this blog, you will get an in-depth comparison of our two-favorite
cross-platform frameworks Flutter vs React Native. React Native is
a project started by Facebook internally that they open-sourced in 2015. On the
other side is Flutter, a
project started by Google which they have been heavily promoting since I/O 2017. Both of
these technologies help app developers build cross-platform apps faster by
using a single programming language. Here is a simple comparison between both
cross-platform apps. Thanks to React Native, web developers can build mobile
developers, it’s easy to adopt the React Native framework.
Flutter uses Dart programming
language which is easy to get started with, as there is a great and
easy-to-follow documentation available on the official Dart site. But it’s
rarely used and less known in the developer community.
React Native architecture heavily relies on JS
the Flux architecture from Facebook. In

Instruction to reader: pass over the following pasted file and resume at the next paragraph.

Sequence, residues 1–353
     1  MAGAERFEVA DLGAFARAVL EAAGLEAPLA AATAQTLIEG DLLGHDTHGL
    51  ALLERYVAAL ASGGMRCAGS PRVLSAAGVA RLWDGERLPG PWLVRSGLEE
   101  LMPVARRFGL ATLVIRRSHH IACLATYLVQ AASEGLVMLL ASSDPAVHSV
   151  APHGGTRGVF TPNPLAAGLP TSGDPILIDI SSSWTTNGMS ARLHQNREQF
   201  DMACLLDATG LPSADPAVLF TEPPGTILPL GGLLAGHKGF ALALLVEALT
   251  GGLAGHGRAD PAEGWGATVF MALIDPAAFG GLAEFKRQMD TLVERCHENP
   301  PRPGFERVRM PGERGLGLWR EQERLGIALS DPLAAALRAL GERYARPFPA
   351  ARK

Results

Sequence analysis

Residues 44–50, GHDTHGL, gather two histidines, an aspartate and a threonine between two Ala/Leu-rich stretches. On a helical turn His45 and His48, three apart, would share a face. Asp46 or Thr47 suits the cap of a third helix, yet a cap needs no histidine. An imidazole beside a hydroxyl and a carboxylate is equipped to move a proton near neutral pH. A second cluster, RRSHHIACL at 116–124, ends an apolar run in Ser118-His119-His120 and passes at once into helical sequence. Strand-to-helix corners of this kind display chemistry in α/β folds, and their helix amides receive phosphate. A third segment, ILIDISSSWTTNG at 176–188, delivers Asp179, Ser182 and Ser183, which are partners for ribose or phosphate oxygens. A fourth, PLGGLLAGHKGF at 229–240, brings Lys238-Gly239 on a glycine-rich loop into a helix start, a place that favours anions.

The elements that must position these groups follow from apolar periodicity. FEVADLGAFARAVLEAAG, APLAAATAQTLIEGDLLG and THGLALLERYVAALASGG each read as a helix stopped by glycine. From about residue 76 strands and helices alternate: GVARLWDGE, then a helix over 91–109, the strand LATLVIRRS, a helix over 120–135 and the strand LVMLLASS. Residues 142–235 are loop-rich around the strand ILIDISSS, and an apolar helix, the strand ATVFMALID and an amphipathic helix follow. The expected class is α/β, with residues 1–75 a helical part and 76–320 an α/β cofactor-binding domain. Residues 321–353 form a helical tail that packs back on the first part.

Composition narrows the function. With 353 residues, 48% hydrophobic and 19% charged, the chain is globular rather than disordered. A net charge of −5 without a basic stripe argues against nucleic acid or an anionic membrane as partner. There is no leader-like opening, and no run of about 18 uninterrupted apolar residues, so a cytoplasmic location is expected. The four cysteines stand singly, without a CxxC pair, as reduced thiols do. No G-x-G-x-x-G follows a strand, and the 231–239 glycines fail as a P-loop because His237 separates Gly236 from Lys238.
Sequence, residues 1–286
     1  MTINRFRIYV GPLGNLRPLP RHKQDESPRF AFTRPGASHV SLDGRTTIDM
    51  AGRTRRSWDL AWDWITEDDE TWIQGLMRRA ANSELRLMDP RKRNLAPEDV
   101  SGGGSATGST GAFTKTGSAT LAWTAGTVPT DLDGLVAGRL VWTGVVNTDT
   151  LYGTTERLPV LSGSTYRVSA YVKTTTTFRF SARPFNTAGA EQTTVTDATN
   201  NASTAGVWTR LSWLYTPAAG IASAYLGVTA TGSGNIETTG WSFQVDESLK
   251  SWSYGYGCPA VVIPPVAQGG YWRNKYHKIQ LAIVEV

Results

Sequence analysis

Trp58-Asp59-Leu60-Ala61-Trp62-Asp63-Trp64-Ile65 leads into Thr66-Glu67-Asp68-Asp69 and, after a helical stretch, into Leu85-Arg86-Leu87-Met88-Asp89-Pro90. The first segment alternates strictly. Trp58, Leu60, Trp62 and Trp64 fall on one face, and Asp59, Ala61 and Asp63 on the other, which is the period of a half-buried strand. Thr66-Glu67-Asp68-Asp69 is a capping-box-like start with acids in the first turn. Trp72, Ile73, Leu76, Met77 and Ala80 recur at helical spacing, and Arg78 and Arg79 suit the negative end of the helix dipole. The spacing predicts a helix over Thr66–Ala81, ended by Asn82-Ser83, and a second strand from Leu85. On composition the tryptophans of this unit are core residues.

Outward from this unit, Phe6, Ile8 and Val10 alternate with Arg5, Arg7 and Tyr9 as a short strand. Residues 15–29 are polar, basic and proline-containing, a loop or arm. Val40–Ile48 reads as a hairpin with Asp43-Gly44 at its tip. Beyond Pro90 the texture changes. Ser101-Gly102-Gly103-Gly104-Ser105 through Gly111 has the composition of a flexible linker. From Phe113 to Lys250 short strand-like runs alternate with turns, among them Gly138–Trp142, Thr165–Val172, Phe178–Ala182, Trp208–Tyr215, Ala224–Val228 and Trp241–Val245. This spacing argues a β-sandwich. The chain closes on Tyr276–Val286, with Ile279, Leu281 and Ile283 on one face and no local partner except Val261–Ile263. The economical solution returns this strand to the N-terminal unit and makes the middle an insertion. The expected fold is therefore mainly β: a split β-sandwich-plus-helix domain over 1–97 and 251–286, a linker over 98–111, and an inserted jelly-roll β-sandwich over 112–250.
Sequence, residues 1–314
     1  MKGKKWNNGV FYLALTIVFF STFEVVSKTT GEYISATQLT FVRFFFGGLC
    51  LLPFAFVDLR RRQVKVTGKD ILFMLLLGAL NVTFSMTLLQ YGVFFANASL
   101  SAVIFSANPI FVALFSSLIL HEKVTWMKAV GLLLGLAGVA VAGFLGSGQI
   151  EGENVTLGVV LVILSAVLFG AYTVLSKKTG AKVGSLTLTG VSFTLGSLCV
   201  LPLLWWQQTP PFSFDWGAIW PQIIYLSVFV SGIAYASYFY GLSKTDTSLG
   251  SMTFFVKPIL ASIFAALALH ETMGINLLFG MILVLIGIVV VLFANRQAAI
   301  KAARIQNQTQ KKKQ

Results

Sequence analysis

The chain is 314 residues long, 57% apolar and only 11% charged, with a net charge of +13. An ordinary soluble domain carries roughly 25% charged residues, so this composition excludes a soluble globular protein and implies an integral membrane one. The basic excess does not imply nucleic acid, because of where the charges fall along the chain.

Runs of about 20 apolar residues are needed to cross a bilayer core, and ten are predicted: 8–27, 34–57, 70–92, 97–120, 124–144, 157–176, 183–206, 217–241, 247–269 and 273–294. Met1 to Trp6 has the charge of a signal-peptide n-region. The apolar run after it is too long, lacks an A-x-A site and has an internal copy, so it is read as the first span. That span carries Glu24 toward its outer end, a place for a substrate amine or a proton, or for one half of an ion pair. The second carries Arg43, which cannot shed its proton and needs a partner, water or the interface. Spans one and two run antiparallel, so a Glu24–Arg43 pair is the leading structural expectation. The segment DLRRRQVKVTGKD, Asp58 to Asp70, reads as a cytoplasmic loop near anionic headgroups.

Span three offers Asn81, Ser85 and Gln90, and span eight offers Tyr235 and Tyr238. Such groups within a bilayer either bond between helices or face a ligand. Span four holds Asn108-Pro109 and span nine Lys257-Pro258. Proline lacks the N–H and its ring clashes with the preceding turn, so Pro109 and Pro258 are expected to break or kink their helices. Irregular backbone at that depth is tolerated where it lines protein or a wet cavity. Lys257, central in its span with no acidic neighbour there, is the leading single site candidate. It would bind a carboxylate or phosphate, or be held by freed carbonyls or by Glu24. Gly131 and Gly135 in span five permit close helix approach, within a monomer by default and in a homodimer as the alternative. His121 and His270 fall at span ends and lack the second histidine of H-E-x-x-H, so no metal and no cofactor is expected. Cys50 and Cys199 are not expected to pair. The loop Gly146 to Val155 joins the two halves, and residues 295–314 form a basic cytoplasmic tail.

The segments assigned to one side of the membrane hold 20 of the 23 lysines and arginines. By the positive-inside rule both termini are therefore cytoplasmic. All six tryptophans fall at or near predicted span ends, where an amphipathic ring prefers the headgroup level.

modules, which results in poor performance.
Flutter uses the Dart framework which has most
of the components inbuilt so it’s bigger in size and often does not require the
bridge to communicate with the native modules. The Dart framework uses Skia C++
engine which has all the protocols, compositions and channels.
React Native provides the essential elements to
develop an app, namely, UI rendering capabilities and device API access. For
other functionalities, including accessing native modules, React relies on
third-party libraries, which is usually less convenient than having all the
tools you need in one package.
Flutter offers numerous libraries, navigation,
testing tools, and an extensive set of widgets alongside the standard device
API access and basic UI rendering to create visually appealing interfaces with
minimal effort. The functionality that the framework comes bundled with is
usually sufficient to handle all necessary tasks and fulfill the design
Both Flutter and React Native are incredible frameworks that can help you build a cross-platform application faster and easier than with the majority of native tools.